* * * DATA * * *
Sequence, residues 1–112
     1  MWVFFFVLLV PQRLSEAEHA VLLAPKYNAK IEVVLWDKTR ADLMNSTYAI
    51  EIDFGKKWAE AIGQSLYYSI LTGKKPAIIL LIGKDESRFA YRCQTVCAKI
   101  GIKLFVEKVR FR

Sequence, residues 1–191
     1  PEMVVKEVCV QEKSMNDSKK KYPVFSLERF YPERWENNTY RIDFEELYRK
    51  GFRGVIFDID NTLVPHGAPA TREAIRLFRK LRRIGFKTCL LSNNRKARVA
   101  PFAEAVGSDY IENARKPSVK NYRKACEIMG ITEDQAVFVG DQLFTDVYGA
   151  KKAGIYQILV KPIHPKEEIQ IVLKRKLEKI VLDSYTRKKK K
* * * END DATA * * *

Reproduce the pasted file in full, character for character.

Sequence, residues 1–112
     1  MWVFFFVLLV PQRLSEAEHA VLLAPKYNAK IEVVLWDKTR ADLMNSTYAI
    51  EIDFGKKWAE AIGQSLYYSI LTGKKPAIIL LIGKDESRFA YRCQTVCAKI
   101  GIKLFVEKVR FR

Sequence, residues 1–191
     1  PEMVVKEVCV QEKSMNDSKK KYPVFSLERF YPERWENNTY RIDFEELYRK
    51  GFRGVIFDID NTLVPHGAPA TREAIRLFRK LRRIGFKTCL LSNNRKARVA
   101  PFAEAVGSDY IENARKPSVK NYRKACEIMG ITEDQAVFVG DQLFTDVYGA
   151  KKAGIYQILV KPIHPKEEIQ IVLKRKLEKI VLDSYTRKKK K